If you're eligible for Social Security, you actually get an eight-year window to claim benefits that kicks off at age 62 and closes at age 70. Smack in the middle of that window is your full retirement age, or FRA, which, depending on your year of birth, is 66, 67, or 66 and a certain number of months. Now you'll get lots of advice about filing for Social Security sooner rather than later, but I'm here to make the case for waiting as long as possible to claim benefits. Here's why.

1. You'll boost your monthly payments

Imagine if someone were to offer you a chance to invest your money at a guaranteed 8% yearly return with no risk whatsoever. You'd probably run the other way, thinking it was a scam. But actually, Social Security offers you that exact arrangement. For each year you hold off on benefits past full retirement age, you get an instant 8% boost that remains in effect for the rest of your life. Furthermore, there are no income or payment limits associated with this perk -- anyone who delays benefits is eligible.

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2. You'll come out ahead if you live a long life

One interesting thing about Social Security is that it's designed to pay you the same lifetime benefit regardless of when you first file. That's because while waiting on benefits will boost each payment, you'll collect fewer payments. This formula, however, assumes that you live an average life expectancy, but if your health is great, and you wind up living a longer life, you'll come out ahead financially by waiting.

In fact, the Social Security Administration reports that one in four 65-year-olds today will live past age 90. So let's say your FRA is 67 but you delay benefits till 70, thus boosting a $1,500 monthly payment to $1,860. In this scenario, you'll wind up breaking even at age 82-1/2, but if you end up living until 90, you'll come out over $32,000 ahead by waiting on benefits.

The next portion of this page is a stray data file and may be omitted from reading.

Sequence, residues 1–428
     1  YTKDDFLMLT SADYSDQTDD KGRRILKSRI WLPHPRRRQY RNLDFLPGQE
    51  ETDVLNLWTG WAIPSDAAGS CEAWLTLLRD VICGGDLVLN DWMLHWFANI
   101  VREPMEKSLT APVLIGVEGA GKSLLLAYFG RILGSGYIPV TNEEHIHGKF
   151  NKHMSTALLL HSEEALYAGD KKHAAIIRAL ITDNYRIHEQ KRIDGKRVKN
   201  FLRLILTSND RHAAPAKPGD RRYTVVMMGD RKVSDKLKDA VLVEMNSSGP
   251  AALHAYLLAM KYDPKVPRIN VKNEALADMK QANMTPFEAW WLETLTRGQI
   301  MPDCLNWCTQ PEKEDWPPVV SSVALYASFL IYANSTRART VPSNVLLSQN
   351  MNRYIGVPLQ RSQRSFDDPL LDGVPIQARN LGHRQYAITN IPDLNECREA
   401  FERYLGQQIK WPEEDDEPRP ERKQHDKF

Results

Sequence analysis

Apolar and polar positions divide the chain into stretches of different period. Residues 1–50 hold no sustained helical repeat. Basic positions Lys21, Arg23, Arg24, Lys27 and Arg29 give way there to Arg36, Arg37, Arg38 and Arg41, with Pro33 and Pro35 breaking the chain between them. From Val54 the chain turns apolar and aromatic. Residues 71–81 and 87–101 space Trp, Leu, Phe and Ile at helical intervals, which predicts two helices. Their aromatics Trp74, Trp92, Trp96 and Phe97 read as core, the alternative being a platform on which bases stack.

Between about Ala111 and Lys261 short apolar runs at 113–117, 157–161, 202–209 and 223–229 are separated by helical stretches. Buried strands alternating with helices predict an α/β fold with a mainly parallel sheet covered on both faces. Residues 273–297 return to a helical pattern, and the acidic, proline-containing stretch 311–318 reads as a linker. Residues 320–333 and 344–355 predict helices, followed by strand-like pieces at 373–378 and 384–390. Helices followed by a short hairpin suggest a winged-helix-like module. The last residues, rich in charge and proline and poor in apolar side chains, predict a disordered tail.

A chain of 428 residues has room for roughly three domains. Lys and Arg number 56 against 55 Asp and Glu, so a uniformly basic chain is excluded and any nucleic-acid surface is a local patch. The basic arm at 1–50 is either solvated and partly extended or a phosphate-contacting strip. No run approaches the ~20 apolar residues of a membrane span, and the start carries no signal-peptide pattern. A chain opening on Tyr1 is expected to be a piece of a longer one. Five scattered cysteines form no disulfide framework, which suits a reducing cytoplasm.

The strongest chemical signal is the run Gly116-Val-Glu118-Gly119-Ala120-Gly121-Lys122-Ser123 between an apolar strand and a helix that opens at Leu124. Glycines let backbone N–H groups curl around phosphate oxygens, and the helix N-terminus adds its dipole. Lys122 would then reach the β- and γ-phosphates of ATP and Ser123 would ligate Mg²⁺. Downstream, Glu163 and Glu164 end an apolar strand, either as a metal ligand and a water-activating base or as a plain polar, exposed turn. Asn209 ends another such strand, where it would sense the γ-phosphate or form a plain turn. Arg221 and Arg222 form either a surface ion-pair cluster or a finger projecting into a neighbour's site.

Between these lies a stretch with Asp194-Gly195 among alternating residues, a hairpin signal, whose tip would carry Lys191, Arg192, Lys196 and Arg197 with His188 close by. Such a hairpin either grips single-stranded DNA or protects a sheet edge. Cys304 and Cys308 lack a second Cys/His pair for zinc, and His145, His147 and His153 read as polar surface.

3. You'll reduce your risk of outliving your savings

There's a reason why 60% of baby boomers are more worried about outliving their nest eggs than actually dying: Most workers today are behind on savings, and many have little opportunity to catch up. In fact, the median savings balance among households aged 56 to 61 -- in other words, those nearing retirement -- is just $17,000. And that's hardly enough to live off. If you're relying heavily on Social Security to pay the bills in retirement, then you need to get as much money out of the program as possible. And that means delaying benefits as long as you can.

Even if your savings balance is relatively healthy, you never know what expenses retirement might bring about. And the more income you can count on from Social Security, the less likely you'll be to deplete your nest egg prematurely.

Of course, delaying Social Security isn't always the best way to go. As colleague and personal-finance expert Dan Caplinger points out, filing earlier will put money in your pocket sooner, which you can then invest. But remember, there's generally no such thing as a risk-free investment, whereas the 8% annual boost you get by delaying benefits is guaranteed. Dan also points out that filing later could impact your family, but if you're single, that's not a concern. 

While it's certainly possible to make the case for claiming Social Security at full retirement age or even earlier, there are plenty of scenarios where you'll come out ahead by waiting. And that could end up spelling the difference between a secure retirement and one that's loaded with financial stress.

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